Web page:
Borders in our Heads

Borders in our Heads: What Makes our Solidarities (Selective)

Walls, barbed wire, seas – borders are diverse, determine nations and destinies. But borders also manifest themselves in our minds in the form of reference frames and thus determine our solidarity. Europe’s reaction to the Ukrainian situation highlights again: our solidarities are selective.



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Every human being carries a stock of knowledge, perceptions and truths within themselves, that does not arise arbitrarily. This inventory is our mental reference frame and is strongly influenced by our geographical location. But less tangible elements such as class, religion, nationality, education, gender identity or our own mobility also play a substantial role here. Even more important: our own reference frame determines our solidarity: it decides with whom we think and act in solidarity with.

The reactions to Putin’s escalating war of aggression in Ukraine once again cast a contradictory light on the solidarity regime of the liberal left in Germany and Europe. Established media and politicians across party lines spoke of the beginning of a “new era“1 when Russia invaded Ukraine. Activists like Sinthujan Varatharajah, Emran Feroz or Sham Jaff, on the other hand, soon pointed out that war – especially Russian-led war – has been a painful part of non-Western timelines for decades. This applies to Iraq, Afghanistan, Syria as well as many other places. Sinthujan Varatharajah writes: „Sorry to break it to you, I woke up in the same era, the same Europe, the same global order.“2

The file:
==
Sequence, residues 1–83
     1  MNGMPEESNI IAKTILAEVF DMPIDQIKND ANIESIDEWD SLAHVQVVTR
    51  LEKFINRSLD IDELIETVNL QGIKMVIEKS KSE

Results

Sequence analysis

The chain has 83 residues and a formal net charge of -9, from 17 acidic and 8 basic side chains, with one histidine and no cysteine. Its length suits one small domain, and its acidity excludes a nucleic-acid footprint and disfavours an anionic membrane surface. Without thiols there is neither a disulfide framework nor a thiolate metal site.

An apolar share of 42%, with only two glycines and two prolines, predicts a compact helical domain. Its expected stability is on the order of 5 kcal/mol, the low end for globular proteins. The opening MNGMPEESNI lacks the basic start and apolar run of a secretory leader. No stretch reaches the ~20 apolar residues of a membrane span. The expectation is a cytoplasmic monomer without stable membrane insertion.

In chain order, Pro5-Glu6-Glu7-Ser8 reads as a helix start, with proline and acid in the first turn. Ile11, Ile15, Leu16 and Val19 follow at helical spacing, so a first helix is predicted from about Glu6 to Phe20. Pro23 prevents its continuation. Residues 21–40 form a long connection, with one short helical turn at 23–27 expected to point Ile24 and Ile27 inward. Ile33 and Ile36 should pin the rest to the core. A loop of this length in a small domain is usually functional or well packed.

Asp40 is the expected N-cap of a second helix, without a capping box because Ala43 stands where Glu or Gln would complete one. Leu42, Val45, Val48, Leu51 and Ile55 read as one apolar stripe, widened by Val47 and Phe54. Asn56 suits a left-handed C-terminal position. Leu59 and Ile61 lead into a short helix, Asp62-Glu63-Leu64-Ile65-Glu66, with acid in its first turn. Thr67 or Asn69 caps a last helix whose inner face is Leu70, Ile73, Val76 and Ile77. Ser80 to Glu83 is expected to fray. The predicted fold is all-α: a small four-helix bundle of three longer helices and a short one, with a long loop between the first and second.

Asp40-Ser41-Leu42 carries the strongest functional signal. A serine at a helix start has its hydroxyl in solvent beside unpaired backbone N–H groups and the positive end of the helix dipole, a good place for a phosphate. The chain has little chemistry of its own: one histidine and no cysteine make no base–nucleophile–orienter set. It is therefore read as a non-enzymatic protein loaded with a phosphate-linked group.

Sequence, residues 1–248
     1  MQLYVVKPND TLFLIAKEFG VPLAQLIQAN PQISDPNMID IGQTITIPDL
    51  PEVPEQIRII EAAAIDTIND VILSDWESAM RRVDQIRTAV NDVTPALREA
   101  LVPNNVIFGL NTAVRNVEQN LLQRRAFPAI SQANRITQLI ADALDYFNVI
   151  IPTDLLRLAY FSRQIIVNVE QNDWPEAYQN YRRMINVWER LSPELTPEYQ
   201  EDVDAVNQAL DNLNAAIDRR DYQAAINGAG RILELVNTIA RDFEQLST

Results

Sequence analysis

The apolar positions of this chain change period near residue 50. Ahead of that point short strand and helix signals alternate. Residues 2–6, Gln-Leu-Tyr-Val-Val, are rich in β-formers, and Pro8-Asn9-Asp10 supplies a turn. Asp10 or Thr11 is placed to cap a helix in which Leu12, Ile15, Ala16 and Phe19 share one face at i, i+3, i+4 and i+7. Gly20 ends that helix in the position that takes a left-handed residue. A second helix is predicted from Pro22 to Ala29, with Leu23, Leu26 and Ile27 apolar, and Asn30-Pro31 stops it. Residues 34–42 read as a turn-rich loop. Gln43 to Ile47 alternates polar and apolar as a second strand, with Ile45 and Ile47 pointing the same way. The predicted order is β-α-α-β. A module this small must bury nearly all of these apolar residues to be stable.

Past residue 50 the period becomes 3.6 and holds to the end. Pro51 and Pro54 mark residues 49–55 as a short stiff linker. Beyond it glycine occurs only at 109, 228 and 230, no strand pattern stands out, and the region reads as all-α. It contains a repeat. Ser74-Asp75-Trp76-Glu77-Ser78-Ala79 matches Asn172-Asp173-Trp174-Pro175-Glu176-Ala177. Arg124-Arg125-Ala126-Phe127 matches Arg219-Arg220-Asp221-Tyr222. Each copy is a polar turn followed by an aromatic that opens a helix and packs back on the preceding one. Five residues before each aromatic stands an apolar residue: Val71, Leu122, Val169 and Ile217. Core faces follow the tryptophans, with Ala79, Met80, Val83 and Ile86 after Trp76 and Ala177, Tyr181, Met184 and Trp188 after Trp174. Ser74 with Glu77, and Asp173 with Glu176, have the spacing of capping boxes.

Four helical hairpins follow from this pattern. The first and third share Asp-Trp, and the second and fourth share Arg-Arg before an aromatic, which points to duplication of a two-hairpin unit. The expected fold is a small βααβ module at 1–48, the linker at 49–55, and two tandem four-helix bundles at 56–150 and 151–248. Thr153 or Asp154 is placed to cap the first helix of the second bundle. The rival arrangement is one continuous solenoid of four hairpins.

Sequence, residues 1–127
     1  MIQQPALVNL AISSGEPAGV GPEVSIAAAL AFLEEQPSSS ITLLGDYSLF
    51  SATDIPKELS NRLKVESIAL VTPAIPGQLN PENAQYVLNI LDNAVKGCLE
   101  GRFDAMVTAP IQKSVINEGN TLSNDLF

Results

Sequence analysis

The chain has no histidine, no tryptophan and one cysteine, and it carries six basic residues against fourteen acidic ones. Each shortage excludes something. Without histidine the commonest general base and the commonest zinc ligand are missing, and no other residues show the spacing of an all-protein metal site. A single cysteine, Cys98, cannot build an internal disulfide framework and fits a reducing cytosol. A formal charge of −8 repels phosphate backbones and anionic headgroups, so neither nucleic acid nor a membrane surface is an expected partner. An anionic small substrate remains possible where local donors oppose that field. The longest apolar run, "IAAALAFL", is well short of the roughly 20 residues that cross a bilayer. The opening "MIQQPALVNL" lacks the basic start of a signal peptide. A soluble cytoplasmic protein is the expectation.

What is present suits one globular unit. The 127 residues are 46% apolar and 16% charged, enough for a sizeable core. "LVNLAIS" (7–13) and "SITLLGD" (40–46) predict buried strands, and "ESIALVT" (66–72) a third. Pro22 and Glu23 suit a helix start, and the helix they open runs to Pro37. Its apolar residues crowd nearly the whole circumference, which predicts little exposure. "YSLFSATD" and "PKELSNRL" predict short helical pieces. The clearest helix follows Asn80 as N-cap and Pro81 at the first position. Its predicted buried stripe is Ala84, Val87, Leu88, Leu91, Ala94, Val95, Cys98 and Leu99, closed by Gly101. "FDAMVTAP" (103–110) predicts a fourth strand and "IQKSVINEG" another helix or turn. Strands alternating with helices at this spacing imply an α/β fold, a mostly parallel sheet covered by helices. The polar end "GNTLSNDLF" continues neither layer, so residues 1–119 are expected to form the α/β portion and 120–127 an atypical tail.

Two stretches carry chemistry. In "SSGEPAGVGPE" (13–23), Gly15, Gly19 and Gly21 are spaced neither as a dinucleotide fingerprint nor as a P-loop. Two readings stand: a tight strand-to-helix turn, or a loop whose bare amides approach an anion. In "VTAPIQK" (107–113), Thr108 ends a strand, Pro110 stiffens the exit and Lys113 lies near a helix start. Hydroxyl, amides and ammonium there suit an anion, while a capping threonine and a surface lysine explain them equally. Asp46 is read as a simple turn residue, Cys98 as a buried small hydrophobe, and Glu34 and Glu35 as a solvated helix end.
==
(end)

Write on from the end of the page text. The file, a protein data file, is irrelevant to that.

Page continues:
This raises the question: What does it take for frames of reference to transcend geographical boundaries, or rather, what obstacles prevent this? How do frames of reference translate into solidarity? And how can we be more sustainable and sincere in solidarity?

Crossing mental borders: A question of mobility

Berlin is an increasingly important hub of diasporic activity from WANA. Yet the city is, and perhaps always has been, a place that links endless threads: From the places of origin of the diaspora to the many stopovers on the way to Germany. In the lively bars and cafés of Berlin-Kreuzberg, one can overhear discussions on the latest events in the West Bank, the Lebanese economic crisis, developments in the Kurdish regions, or feminist movements in Istanbul. Evidently, mastery of language, e.g. Arabic or Turkish, plays a crucial role in drawing boundaries and opening windows to a conversation or a common frame of reference.